In any other game where you level a separate character for each class/role, this kind of split progression makes perfect sense; I shouldn't expect leveling a Shaman alt in World of Warcraft to provide my Monk main with any real benefits other than achievements and access to two more crafting professions. FFXIV is a different beast though with its "army of one" mentality for characters. Even if I'm leveling a different class with a different role, I'm still working with the same character. Switching to Conjurer doesn't remove the fact that I've seen the world as a Marauder and a Warrior. Regardless of the clothes he wears at the time, he should still be able to look upon the world through the eyes of that first class and learn something new about it and become stronger over time.
So how would we go about adding character progression after level cap? This is something a few other games have actually dealt with over the years. The first system is arguably the simplest – Alternate Advancement points. Players from EverQuest, Marvel Heroes, Rift and arguably The Secret World (though that's technically their only leveling system) will be quite familiar with these points. For those who aren't familiar with the concept, AA points are essentially pseudo-levels. As you adventure post-level cap, rather than all of that experience going to waste, you start to fill up a new bar. Whenever that bar is filled, you gain one AA point. When you open your AA page, your character will have a variety of options available to spend those points – often this is portrayed with a series of grids. Most circles/hexes on the grid will have some minor bonus like +1% max HP, +2% run speed, bonus damage or even a damage/healing proc for their abilities. A few will have much larger boosts or even situational powers and abilities, but these cost far more AA points than the smaller bonuses.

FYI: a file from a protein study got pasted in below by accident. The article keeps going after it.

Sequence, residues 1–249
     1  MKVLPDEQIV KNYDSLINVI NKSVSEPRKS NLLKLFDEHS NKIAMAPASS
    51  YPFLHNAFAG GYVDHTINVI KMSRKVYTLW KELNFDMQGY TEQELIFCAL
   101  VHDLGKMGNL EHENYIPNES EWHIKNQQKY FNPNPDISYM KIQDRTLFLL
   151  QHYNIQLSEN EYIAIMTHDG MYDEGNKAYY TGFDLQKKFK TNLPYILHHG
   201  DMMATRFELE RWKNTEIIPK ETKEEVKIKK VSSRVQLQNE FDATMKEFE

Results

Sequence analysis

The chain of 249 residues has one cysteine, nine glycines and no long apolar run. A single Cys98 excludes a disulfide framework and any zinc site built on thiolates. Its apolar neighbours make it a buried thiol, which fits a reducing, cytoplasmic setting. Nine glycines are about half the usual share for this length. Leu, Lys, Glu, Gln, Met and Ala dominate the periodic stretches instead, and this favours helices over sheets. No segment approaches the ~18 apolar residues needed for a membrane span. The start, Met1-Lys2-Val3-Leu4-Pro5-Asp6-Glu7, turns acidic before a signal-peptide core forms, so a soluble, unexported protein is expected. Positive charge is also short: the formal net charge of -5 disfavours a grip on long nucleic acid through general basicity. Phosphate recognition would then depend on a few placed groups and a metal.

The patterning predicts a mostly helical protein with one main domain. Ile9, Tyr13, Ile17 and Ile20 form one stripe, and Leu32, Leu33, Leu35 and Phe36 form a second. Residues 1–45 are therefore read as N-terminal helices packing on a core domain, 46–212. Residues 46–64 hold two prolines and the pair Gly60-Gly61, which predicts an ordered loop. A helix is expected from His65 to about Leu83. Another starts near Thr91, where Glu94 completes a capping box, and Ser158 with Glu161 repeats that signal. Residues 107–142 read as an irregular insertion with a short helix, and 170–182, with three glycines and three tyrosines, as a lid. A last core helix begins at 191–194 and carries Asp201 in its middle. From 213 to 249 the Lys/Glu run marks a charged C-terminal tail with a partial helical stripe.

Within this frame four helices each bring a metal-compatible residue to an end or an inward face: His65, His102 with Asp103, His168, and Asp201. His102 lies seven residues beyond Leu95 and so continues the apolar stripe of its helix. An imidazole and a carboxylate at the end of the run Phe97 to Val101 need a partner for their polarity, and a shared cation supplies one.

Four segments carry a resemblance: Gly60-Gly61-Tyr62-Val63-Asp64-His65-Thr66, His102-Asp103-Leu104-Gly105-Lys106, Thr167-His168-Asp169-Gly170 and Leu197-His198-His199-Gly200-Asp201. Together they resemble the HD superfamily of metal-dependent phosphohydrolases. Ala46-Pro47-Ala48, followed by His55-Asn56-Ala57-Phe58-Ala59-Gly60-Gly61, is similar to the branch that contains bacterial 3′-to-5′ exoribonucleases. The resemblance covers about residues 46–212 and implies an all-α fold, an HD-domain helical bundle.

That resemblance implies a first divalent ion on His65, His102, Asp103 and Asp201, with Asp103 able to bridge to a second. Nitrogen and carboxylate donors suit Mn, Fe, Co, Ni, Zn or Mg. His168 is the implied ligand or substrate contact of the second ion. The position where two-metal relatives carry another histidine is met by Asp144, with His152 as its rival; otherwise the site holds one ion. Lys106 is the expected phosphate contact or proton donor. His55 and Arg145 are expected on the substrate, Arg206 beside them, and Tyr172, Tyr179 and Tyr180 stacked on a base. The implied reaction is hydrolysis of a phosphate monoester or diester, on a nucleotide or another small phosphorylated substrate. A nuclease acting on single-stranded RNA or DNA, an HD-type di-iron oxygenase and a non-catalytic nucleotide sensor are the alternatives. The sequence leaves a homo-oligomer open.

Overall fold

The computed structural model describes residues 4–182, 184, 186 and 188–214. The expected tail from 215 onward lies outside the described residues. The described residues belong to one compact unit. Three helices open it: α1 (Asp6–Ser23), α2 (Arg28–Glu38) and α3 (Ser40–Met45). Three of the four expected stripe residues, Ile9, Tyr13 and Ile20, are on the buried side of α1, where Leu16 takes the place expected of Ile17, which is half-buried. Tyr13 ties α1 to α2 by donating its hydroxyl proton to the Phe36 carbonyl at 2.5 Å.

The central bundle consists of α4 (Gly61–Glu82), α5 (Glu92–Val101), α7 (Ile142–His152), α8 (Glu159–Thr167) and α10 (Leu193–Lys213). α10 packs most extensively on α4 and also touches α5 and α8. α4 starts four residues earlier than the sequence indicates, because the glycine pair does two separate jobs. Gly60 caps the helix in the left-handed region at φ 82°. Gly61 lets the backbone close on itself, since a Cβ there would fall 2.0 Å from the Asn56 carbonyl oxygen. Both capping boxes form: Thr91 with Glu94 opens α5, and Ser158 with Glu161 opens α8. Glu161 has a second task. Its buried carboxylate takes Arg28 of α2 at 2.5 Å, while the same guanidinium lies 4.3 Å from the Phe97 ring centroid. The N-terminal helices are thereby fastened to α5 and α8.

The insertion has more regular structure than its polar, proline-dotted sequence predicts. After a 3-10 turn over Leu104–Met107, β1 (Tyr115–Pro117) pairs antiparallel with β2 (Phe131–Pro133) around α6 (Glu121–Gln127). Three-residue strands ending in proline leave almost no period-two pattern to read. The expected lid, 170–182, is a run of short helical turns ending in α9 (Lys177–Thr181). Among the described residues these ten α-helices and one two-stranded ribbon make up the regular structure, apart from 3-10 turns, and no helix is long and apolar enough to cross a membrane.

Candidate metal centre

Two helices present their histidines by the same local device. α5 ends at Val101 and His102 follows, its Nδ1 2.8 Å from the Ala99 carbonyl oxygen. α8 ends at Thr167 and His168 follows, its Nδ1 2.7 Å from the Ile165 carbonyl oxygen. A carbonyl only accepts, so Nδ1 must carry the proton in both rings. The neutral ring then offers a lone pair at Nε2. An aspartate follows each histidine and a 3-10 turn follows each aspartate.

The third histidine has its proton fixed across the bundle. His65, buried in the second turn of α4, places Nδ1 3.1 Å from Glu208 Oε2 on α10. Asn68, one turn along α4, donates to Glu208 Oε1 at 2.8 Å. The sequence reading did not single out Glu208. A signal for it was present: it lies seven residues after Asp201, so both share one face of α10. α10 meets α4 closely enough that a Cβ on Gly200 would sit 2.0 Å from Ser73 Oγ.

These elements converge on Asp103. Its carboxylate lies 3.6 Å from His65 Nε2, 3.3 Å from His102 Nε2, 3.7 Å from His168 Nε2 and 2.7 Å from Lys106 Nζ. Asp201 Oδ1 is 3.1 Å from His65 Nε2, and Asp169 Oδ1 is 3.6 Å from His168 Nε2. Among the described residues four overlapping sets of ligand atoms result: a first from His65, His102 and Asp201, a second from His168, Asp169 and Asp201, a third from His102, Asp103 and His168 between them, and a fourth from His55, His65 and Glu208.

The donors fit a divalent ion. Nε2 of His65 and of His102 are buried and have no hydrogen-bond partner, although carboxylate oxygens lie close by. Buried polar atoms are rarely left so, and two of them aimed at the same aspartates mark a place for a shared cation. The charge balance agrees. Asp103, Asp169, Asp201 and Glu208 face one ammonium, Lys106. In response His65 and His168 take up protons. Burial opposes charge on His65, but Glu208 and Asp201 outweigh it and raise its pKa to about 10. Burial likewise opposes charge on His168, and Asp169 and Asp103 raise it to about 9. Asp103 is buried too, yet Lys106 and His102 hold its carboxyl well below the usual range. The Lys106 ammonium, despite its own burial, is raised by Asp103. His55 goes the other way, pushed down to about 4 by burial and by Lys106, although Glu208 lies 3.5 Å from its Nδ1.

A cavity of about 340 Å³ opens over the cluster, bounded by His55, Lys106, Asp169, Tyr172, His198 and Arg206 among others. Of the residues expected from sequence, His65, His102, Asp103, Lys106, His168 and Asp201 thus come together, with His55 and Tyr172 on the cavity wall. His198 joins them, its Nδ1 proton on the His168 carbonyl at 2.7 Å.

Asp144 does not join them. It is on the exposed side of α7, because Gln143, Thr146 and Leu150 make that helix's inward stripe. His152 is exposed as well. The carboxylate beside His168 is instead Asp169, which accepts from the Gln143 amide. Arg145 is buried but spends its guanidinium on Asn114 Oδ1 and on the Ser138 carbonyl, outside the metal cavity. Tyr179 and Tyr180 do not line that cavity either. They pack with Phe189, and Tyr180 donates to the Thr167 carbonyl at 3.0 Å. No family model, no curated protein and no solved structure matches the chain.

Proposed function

Now that we've got this AA grid, some might wonder "Alright, so now I can only play my main class to get AA points?" If we were playing Rift, then yes because the AA grid is character (and therefore class) specific. Since FFXIV lets you level everything, it would be more akin to Marvel Heroes' interpretation with Omega Points. Whenever I play a character there, whether it's my 60 Star-Lord or my 20-something Gambit, I'm always making progress towards another Omega Point. No matter what I feel like playing, whether it's my favorite or an alt I'm playing around on, there's always some form of progress and an AA system in FFXIV should take that approach. A White Mage leveling a Pugilist just for fun wouldn't feel like they wasted time that could have been used farming on their main. That Archer in your guild who swapped to Warrior to tank for you may not be able to roll Need for any loot, but at least he could build up AA points for his main class.